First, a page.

Things I’m Reading Thursday #1

Remember Things I Love Thursday? You should do — it was a regular feature on ONS for a whole year! TiLT is a big blogosphere phenomenon and I loved trying my hand at it, but a while ago I decided to quit and move onto something more relevant to this blog. I’ve been scratching my head over it for ages and then finally came up with this: Things I’m Reading Thursday. I now plan to let you all know what I’m reading each week (even if that happens to be nothing — yes, I promise I’ll be honest), and I hope you lot will jump on the bandwagon too. I’m always on the lookout for book recs, so let me know what you’ve read recently too. OK? Here goes, then…

Alex Cross’ Trial, by James Patterson
Well, a weird book to start on… because it’s one I’d never, ever, ever pick up off a bookshelf in a million years, under normal circumstances. But right now I’m doing some work that requires me to read such… stuff, if you can believe it, so I had no choice.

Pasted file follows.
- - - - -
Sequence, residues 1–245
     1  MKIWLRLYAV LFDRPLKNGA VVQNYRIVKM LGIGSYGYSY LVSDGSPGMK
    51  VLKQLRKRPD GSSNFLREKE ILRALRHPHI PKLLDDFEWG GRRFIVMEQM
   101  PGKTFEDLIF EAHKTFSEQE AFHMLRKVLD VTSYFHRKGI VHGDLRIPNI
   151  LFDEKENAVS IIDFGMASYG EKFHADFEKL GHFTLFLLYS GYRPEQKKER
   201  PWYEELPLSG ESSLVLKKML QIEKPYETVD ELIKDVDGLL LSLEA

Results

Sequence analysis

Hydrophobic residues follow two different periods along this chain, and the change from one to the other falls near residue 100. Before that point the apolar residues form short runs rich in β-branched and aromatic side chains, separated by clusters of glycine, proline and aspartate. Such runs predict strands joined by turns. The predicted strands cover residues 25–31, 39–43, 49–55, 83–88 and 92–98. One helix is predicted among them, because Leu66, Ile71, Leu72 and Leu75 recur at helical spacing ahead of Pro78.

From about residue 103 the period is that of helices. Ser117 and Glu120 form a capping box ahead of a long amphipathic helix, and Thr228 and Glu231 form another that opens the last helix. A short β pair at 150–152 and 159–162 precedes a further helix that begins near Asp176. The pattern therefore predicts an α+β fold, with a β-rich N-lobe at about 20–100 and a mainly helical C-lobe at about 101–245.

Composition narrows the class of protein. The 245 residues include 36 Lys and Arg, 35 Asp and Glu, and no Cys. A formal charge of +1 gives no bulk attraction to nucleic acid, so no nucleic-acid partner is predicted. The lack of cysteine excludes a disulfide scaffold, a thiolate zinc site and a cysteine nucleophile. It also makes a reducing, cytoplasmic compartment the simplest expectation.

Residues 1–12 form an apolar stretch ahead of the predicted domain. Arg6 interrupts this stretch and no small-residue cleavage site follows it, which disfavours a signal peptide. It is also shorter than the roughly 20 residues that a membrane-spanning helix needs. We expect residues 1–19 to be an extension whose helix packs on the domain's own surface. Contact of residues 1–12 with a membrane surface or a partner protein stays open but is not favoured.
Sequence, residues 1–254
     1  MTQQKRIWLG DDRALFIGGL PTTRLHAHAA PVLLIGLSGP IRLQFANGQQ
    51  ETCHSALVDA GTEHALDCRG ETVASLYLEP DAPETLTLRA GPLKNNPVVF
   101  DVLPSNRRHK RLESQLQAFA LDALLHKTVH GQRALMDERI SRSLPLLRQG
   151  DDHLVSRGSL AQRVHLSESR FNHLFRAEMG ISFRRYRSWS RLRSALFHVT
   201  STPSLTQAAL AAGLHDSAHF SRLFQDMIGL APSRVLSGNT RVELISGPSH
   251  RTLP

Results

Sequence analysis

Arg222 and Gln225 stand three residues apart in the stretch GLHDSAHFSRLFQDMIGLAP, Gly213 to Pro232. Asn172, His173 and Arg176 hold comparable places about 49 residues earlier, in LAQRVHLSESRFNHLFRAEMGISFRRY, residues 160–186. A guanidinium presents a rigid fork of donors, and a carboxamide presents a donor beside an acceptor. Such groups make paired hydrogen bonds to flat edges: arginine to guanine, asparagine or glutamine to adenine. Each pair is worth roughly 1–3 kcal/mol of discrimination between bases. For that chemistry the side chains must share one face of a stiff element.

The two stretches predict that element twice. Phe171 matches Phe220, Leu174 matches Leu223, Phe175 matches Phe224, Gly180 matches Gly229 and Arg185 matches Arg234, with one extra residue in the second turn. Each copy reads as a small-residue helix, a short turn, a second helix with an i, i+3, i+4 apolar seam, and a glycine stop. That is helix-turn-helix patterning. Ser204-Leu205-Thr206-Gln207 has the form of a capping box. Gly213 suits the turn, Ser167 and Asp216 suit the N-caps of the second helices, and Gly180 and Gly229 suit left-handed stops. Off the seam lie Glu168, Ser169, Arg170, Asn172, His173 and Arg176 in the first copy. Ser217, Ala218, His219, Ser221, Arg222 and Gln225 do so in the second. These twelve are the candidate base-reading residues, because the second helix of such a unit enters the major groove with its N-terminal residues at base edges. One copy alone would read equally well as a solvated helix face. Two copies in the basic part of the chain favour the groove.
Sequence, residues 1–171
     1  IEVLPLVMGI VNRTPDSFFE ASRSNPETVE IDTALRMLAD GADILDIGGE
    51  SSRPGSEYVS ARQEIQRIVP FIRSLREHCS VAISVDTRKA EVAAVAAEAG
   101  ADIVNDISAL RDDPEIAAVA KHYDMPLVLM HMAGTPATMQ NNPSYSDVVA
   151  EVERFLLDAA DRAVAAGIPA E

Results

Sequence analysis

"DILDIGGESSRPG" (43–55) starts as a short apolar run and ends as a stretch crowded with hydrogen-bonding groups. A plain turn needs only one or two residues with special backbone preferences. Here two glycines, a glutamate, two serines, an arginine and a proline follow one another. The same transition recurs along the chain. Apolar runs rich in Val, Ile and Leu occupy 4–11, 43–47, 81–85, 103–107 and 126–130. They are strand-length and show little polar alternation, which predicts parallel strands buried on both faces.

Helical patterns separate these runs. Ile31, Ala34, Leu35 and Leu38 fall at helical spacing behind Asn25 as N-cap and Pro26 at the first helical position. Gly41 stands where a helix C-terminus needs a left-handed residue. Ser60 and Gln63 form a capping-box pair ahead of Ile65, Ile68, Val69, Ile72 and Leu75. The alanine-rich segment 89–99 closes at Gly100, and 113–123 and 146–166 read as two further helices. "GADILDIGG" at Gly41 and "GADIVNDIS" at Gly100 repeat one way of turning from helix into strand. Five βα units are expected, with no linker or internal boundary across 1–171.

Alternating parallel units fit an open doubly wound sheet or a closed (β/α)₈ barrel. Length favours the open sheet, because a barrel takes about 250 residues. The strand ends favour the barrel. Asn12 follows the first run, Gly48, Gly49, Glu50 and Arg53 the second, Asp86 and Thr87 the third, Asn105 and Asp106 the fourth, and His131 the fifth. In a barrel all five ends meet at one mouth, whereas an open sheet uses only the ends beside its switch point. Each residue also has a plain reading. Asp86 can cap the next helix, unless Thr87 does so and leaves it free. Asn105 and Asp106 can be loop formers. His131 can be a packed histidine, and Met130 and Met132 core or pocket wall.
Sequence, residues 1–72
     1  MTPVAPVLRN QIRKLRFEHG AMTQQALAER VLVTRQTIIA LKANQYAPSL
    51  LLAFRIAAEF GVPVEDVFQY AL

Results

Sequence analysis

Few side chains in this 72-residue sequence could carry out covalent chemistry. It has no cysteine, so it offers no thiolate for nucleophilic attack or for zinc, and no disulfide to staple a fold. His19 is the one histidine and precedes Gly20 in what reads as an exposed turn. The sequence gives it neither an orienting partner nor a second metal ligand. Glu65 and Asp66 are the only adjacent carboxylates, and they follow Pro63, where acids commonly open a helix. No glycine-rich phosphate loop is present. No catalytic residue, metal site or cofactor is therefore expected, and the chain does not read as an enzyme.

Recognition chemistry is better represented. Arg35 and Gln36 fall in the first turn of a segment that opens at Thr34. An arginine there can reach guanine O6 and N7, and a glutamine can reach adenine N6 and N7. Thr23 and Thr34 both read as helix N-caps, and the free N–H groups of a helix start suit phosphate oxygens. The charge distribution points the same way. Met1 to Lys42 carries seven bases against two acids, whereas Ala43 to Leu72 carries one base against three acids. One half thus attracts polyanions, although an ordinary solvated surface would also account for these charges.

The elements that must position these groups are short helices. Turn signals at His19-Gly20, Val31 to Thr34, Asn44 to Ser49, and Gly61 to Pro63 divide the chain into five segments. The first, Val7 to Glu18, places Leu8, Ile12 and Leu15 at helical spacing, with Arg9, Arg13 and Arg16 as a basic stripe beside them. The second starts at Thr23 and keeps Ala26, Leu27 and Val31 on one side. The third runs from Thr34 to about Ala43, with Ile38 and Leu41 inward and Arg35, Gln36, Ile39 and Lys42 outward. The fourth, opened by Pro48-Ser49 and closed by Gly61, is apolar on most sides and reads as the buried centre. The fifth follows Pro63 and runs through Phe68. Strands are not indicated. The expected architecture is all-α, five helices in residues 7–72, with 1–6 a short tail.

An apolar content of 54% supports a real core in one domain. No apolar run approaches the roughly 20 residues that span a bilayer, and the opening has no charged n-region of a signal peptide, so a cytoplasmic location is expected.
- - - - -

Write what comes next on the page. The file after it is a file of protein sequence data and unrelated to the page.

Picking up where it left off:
I’m pretty sure this is the worst book I’ve ever read. And I’ve read some bad, bad books. To add insult to injury, Patterson holds the record for the highest number of US Bestseller novels by the same author (51 so far), and is rumoured to be worth more than any other living fiction writer. I was aware of his fame and fortune before I started the book, so expected that he’d at least be able to string a decent plot together (a la John Grisham, for example). Apparently, that was a rather silly assumption.

I won’t do a character assassination on the book because hey, clearly millions of people love his work (this just in: yes, a million people can be — and are — wrong), and I’d literally be here ALL DAY. Apparently Stephen King once said that all Patterson writes are “dopey thrillers.” Having read the first half (yeah, I gave up. Well, I say ‘gave up’… I mean ‘threw it across the room’) of Alex Cross’ Trial, I’d be inclined to agree.

Strangers by Anita Brookner